Rebekah Wyse | Photo by Jessica Fugett | The Wright State Guardian
“I was born in Taiwan. My identical twin and I were adopted at 21 months old to go to the U.S. We were born with a condition called Osteogenesis Imperfecta (brittle bones disease,)” said Rebekah Wyse, junior in the social work program aiming towards a master’s degree.
“A couple years later, my parents became missionaries and I lived in China for nine years,” said Wyse. “In seventh grade, we moved back to the U.S. for school and surgeries.”
Taking inspiration from her experiences, Wyse plans to one day work in a children’s hospital.
With only a five-minute commute, Wyse began college life at Northwest State Community College (NSCC).
“I went to NSCC because I did only College Credit Plus (CCP) classes my senior year. Then I did another year because I got a scholarship. I wanted to get my general education done by completing the Ohio Transfer Module, which means I was done with all my general education courses. All in all, I transferred in with 50 credit hours,” said Wyse.
After transferring from NSCC, the search for the perfect school began. For Wyse, the perfect school looked like an accepting, welcoming community, affordable and accessible. Upon her search, Wright State University (WSU) became home.
“I visited Bowling Green State University, The University of Toledo, The University of Cincinnati. I wanted a place where I would feel comfortable, [and] I didn’t feel that [way about] the other places. [At WSU], I don’t get the ‘you have a disability’ look. You don’t feel awkward; I like that about WSU,” said Wyse.
A Residential Assistant (RA) in the Honors dorms, a transfer peer mentor and treasurer of Advocates for Cultural diversity and Excellence (ACE), Wyse is also working towards joining the Asian Student Association (ASA) and a social work club.
Along with all of the clubs Wyse is involved in, including Chinese Club, she is in the process of creating a disabilities group called “Abilities,” a group dedicated to educating others about physical and mental disabilities and starting a community on campus.
“We know that the campus is a lot more accessible than other campuses but I feel like it has been stagnant of making additional improvements,” said Wyse.
While holding an overall positive opinion of accessibility on campus, Wyse is excited to bring new ideas to the table to enhance WSU.
“Once we finally become an organization, we can advocate for things on campus,” said Wyse.
Among some improvements Abilities will advocate for are convenient and accessible handicap buttons and lowered soap dispensers in restrooms.
“I also want to figure out a better way to advertise how accessible WSU is to other high schools and community colleges,” said Wyse. “Especially advertising the tunnels that are on campus. I think we are missing a large population of students that could be attending WSU.”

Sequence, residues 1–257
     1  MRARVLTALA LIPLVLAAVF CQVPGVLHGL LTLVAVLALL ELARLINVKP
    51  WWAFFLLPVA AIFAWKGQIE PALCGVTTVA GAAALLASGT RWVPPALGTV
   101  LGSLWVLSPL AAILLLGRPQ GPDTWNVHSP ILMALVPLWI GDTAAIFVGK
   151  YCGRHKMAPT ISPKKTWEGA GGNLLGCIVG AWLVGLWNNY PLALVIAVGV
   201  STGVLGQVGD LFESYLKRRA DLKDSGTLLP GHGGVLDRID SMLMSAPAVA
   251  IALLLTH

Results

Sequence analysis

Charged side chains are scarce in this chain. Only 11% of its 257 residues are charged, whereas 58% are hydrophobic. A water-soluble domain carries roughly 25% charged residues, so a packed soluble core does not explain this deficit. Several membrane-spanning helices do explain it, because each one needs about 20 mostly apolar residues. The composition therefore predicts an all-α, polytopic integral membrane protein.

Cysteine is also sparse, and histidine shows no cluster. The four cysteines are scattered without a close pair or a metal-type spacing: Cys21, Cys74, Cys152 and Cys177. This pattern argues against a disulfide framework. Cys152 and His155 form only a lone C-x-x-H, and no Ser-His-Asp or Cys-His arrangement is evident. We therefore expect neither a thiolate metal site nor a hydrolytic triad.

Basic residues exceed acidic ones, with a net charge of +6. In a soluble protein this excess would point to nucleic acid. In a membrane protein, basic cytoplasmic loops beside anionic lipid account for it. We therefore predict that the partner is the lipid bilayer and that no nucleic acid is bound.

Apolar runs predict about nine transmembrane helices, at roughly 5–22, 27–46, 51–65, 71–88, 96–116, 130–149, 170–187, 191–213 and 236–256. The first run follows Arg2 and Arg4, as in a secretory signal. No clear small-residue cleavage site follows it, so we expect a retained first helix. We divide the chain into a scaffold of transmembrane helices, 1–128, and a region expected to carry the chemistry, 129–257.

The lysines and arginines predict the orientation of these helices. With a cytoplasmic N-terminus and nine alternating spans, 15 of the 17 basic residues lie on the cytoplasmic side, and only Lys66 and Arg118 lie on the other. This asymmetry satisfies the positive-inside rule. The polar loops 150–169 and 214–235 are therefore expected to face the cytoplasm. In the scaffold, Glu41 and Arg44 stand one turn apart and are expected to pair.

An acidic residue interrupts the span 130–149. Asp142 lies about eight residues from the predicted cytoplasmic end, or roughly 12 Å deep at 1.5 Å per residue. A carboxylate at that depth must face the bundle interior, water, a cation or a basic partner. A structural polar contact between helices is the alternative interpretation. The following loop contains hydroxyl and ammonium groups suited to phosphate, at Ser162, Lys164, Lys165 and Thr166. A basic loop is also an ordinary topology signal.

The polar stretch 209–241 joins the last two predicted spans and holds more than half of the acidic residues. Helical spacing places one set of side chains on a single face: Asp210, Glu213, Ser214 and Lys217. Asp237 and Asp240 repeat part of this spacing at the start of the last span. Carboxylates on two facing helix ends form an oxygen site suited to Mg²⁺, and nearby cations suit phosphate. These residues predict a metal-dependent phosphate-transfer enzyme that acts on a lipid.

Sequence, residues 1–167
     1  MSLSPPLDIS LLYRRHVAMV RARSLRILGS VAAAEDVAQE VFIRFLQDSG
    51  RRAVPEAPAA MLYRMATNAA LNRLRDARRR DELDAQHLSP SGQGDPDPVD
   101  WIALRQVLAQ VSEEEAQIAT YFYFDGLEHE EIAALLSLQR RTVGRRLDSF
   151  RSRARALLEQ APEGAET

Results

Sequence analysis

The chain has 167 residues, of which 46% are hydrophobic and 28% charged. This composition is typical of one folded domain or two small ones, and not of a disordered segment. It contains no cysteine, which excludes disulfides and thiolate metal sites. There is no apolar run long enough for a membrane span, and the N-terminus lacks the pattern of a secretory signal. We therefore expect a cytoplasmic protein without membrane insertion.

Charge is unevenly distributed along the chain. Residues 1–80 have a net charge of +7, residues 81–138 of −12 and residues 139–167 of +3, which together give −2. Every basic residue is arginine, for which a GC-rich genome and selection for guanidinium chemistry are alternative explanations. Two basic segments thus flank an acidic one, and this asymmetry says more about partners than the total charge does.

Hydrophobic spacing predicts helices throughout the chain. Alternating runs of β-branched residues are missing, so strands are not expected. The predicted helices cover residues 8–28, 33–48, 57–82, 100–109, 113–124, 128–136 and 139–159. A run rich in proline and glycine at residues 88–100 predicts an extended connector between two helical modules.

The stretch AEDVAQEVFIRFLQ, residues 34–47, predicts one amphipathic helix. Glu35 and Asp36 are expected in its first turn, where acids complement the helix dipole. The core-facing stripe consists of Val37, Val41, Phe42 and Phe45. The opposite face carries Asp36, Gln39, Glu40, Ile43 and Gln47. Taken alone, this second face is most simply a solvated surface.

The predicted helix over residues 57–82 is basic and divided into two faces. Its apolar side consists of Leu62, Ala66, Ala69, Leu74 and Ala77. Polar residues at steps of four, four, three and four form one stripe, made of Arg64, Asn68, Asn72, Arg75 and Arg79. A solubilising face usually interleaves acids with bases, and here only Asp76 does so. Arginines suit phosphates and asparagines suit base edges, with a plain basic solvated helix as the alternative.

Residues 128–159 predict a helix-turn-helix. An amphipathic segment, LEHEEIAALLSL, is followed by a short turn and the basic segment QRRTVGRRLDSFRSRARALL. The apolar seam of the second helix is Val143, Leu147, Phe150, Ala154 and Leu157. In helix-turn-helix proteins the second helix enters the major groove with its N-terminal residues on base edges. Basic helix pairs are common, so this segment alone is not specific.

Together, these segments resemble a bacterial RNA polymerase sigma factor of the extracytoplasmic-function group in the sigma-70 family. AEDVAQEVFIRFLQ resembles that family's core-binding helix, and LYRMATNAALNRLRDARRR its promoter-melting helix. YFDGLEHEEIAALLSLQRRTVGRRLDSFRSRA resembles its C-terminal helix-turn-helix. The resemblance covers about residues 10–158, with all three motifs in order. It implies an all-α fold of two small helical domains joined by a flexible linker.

Besides accessibility, Wyse voices the need for healthier appetizing food options on campus.
Working towards taking the steps to becoming an organization, Abilities recently had their first meeting with a turnout of 17 people and are in the process of voting on positions, looking for a staff advisor and starting a constitution.
Abilities also looks to promote leadership opportunities within group members, create new friendships and encourage accessibility improvements on campus.
Wyse plans to have a group meeting every other week; allies welcome.
“We should always be making steps to improving and fixing things,” said Wyse.
Of the many services that WSU provides, Wyse has a few favorites that help her throughout her day-to-day life.
“Paratransit has been absolutely wonderful. I don’t have to worry about not making it to class on days with bad weather. Even if it’s a sunny day, I don’t have to worry about getting sunburnt, large crowds of students [or] getting bit by mosquitoes on my way to class,” said Wyse.
With her busy schedule and project-involvement, Wyse works hard to erase the stigma of what it is to have a disability, proving that nothing is impossible.
“I just started to utilize Adapted Recreation by getting a Workout Buddy to help me in the gym and using the Counseling and Wellness Services for self-care. So that once a week I make sure that I take care of my body and mind. This way I’m healthy all throughout school, year-round,” said Wyse.
With the help of surgeries and treatments, Wyse can go one-to-five years without breaking any bones.
“Having brittle bones disease, I used to break a bone every 3-4 months when I was younger. Currently, I don’t need to take any medication for my bones. I can walk with a walker for a short distance. However, I use my power wheelchair to get around campus easier. Plus, it’s safer for me to be in my manual wheelchair even if I’m in the dorms,” said Wyse.
Wyse stresses the importance of being conscious of those with visible disabilities as well as disabilities that are less noticeable or unseen. If you don’t know, just ask.
“I can’t speak for everyone with a disability, but from [who] I’ve talked to, they’re pretty open about it. If you have a question, just ask. I’m not ashamed of having a disability. We’re human too,” said Wyse.
Whether a person is born with it or is diagnosed later in life, disabilities don’t discriminate.
“Any person at any [time] in their life can get a disability; anything can happen,” said Wyse. It’s what brought me to the states, having this type of education and [my] relationship with God.”
For Wyse, it’s important for people to know that being in a wheelchair does not define who she is and does not stop her from living life.